Who do nurses make more than? - page 4
Im passionate about this field, but let's be realistic here..I want to have a good job in ALL aspects aha I mean do nurses get bragging rights I mean what can a nurse actually do or buy?? I live in phila pa and want hmm lets say... Read More
- 11Nov 30, '12 by BrandonLPNIf one tends to live beyond their means, they will tend to do so no matter how much they make. The retail cashier who spent $300 dollars he didn't have on sneakers will become the RN who spends $15,000 he doesn't have on a new jet ski. I know people who make twice as much as me, but they have more debt and less savings because of their "gotta have it" mentality.
- 8Nov 30, '12 by tewdlesYou have to create a budget and live within it.
Avoid debt/credit cards.
Drive a used car to avoid new car payments and high insurance costs.
Eat at home most of the time.
Take your lunch to work.
Shop at thrift and second hand stores (did you know you can often purchase brand new name brand clothing at many Salvation ARmy or similar shops?)
Participate in cost savings programs that your employer might have that will allow you to pay for child care or health care costs pre tax.
For most of us in nursing, our wealth is not in our bank accounts, it is in our families and our work. Learn to be content.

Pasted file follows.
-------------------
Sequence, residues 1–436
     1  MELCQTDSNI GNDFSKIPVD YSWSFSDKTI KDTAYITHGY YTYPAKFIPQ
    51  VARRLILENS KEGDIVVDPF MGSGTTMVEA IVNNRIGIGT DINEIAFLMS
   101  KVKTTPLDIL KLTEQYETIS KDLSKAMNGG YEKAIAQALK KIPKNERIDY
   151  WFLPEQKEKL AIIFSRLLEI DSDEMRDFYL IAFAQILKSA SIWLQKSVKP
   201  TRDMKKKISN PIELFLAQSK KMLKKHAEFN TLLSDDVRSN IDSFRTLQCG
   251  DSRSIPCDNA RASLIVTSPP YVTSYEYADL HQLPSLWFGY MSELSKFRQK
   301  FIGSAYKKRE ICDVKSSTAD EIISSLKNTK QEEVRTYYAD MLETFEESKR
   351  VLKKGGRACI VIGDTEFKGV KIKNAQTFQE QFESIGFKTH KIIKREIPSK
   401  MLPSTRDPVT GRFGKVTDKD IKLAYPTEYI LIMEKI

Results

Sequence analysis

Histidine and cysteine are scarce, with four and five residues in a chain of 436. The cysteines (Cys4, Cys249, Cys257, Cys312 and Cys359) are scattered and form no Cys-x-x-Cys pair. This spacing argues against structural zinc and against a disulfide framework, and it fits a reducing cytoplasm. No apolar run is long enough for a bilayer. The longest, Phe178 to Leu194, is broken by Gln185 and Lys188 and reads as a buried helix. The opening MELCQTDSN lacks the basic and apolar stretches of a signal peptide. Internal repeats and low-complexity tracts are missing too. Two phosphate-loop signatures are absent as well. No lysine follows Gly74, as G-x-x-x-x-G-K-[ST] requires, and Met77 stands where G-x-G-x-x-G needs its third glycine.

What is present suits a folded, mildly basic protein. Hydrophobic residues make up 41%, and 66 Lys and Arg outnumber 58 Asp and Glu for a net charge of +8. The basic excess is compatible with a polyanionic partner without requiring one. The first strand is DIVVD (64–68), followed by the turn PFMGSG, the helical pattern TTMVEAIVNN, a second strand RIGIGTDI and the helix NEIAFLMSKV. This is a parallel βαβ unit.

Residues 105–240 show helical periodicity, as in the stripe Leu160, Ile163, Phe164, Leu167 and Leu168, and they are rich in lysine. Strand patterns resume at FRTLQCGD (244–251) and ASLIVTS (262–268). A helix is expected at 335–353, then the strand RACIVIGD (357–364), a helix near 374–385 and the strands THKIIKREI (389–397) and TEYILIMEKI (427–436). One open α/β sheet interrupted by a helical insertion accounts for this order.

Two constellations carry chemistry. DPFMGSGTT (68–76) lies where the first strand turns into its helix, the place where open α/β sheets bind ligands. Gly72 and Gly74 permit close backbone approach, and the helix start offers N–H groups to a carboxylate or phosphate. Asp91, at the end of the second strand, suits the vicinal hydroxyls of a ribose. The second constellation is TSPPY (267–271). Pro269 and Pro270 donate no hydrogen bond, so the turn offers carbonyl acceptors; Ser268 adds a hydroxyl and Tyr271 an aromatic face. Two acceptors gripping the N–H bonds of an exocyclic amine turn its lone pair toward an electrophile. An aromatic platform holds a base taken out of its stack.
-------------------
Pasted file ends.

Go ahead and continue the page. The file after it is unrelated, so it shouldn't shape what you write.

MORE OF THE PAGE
- 0Nov 30, '12 by WanderingSagehenYour finances will depend on how much you spend to go to school and how much (less) you can live on while getting your education. Nursing school doesn't have to be expensive but for me I wasn't able to work much and went in to debt because of it. So now I have huge student loans as a reward for being very devoted to school work. Nursing is not an easy job. Its the hardest thing I have ever done and I have worked some back breaking jobs.
- 2Nov 30, '12 by BrandonLPN^^yes, this. You have to learn to be content. If you look for happiness in "stuff" you'll never find it. I speak from experience. Been there, done that. Doesn't work. Enjoy your daughter by spending time with her, teach her things. She'll remember that, not all the crap you bought her, or the expensive restaurants. And you won't really find happiness in buying more and more stuff. Find hobbies where you set goals for yourself. Lifting weights, sports stuff like that. Having what you want and being happy are often two very different things.
- 5Nov 30, '12 by Paul'in'FLYou can ALWAYS outspend your income, no matter how HIGH it is! The trick is knowing a want from a need and staying out of debt.
Having said that.......$$$$ alone is a p-poor reason for becoming a nurse, or anything else for that matter.
- 2Nov 30, '12 by Paul'in'FLQuote from BrandonLPNA new LPN down here is lucky to see $28-30K annual pre-tax, btw. But, we don't have a state income tax...just sky high rates on OTHER taxes.Why do you want to give your daughter "everthing she wants"? That's a good way to spoil her. And spoiled children often go on to be awful adults.
At any rate, nursing is probably on of the best jobs in terms of comparing how much you make to how much school you needed to get there. A LPN with a year or less of education can expect to make at least 40k a year. And a RN with an associates will make about 60k. Give or take 10k for both, depending on the cost of living where you are. Also remember what kind of a nursing job you choose will affect pay. A LPN in a doctors office won't make much, but the work is relatively low stress and you will have "normal people" hours. LPNs in LTC will make close to RN wages, but they bust their hump.